Law enforcement track cellphones without warrants. "Warrant-less search"
Rob Houglum. We the People Monday, April 23, 2012
In Aug 2011 the ACLU issued public documentation requests to over 380 state and local law enforcement agencies and discovered that virtually all of the departments that replied tracked mobile phones, most without warrants.
The vast majority of the 2 hundred agencies that responded engaged in some mobile phone tracking. Only a few those said they frequently seek warrants and demonstrate possible cause before tracking phones, according to the ACLU report.
Most law enforcement agencies stated that they track telephones to analyze crimes, while others stated that they use tracking only in emergencies like a missing people case. Only ten agencies said they never use mobile phone tracking.
Some law enforcement agencies provided enough documentation to paint an in-depth image of telephone tracking activities. For instance, Raleigh, North Carolina, tracks masses of phones a year based primarily on invoices from telephone firms. In Wilson County, North Carolina, police get historical tracking data where it's "relevant and material" to a continual investigation, the standard the ACLU notes is lower than probable cause.
Police in Lincoln, Nebraska, get GPS location information on phones without demonstrating probable cause. GPS location info is far more accurate than cell tower location info, according to the ACLU.
Furthermore, the ACLU points out that cellphone tracking is becoming so common that cellphone corporations have manuals that explain to police what info the companies store, how much they require payment for access to information and what's needed for police to access it.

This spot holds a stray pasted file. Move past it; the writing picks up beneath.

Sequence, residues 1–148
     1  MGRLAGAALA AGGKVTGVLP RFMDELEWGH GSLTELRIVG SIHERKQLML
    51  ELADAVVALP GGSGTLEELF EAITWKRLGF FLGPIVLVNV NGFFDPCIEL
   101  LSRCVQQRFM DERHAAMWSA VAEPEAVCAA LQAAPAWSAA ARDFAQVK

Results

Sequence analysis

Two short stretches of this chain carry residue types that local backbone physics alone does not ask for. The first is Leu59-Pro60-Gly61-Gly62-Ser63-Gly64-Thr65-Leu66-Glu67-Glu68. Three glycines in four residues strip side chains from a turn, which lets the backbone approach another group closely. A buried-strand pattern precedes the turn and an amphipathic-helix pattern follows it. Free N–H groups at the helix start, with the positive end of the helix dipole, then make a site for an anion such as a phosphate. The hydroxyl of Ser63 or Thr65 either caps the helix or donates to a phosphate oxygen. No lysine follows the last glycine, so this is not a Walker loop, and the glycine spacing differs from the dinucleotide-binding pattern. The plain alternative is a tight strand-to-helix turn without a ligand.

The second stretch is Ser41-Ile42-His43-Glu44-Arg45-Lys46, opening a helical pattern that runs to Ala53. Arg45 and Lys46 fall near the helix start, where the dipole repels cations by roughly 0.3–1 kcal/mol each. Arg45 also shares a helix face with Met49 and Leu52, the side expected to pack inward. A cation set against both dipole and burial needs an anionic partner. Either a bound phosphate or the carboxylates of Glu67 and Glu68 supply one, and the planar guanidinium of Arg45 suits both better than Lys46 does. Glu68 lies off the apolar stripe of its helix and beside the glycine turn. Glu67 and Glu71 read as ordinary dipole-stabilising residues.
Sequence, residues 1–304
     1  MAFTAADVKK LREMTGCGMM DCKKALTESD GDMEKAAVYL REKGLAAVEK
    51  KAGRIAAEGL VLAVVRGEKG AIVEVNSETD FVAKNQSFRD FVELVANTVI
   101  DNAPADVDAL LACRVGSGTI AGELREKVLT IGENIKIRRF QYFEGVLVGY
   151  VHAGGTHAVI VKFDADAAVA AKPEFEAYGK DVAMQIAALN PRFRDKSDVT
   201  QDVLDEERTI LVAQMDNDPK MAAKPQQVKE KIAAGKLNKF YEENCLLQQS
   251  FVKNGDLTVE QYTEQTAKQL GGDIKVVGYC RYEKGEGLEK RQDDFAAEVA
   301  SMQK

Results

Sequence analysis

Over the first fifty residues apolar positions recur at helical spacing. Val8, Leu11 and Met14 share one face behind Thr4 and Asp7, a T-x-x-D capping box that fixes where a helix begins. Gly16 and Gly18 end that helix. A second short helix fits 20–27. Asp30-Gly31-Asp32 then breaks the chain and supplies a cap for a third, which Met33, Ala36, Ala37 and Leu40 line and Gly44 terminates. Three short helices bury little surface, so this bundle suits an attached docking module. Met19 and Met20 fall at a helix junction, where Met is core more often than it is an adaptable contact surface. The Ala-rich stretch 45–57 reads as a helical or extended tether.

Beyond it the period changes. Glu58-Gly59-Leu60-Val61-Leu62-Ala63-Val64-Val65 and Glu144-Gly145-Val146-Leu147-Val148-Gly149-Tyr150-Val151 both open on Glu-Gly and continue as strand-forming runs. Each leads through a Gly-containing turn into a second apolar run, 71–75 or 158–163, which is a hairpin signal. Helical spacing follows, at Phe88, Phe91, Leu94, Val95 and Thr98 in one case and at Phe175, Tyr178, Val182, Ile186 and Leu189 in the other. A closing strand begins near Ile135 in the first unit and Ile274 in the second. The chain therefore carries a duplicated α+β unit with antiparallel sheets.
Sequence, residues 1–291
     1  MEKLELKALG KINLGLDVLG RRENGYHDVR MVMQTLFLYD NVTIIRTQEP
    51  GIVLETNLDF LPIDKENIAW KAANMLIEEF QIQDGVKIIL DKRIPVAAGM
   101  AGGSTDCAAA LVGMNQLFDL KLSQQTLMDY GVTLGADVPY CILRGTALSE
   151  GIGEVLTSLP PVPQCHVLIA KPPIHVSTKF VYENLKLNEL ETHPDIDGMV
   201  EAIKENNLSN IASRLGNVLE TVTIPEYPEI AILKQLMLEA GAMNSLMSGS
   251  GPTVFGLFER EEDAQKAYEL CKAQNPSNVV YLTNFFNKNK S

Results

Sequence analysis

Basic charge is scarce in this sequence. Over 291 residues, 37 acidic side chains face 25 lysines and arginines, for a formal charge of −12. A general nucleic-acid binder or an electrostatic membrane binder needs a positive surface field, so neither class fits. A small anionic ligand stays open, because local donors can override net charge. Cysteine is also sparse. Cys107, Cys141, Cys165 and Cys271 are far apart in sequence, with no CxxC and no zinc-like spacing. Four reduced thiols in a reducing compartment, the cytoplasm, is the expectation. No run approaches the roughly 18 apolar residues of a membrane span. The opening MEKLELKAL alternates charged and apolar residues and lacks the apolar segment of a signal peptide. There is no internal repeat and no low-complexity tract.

However , some law enforcement agencies do seek warrants and probable cause before tracking cellphones. Police in the County of Hawaii, Hawaii, Wichita, Kansas and Lexington, Kentucky, do seek a warrant and probable cause.
The ACLU says that if "police departments can protect both public safety and privacy by meeting the warrant and possible cause needs, then certainly other agencies can as well."
The civil liberties organization argues that cellphone corporations have made transparency worse by hiding how long they store location information. As an example, Run keeps tracking records for as much as two years and ATT maintains records from July 2008, according to the U.S. Department of Justice.
In an open letter to wireless carriers, the ACLU implores them to "stop customarily maintaining data about your customers' location history that you happen to collect as a side-effect of how mobile technology works," and asks them to disclose how info is being kept and give customers more control over how their information is employed.
The ACLU is not alone in its concern. Members of both chambers of Congress have introduced legislation that will require law enforcement agencies to obtain a warrant before tracking mobile phone information. The act, known as the Geolocation Privacy and Surveillance ( GPS ) Act, has bipartisan support but hasn't yet moved out of committee.
"Law enforcement, in my mind, has overstepped its bounds and thrown out plenty of our 4th Amendment rights," claimed Utah Republican Rep. Jason Chaffetz.
Another effort is being made by Vermont Democratic Sen. Patrick Leahy, to update the 1986 Electronic Communications Privacy Act ( ECPA ), which includes "a warrant obligation for real-time tracking, though not for historical location information."
"I believe the American public merits and expects a degree of private privacy," asserted Chaffetz. "We in The United States do not work on a presumption of guilt."
Tags: ACLU, GPS, Warrant-less search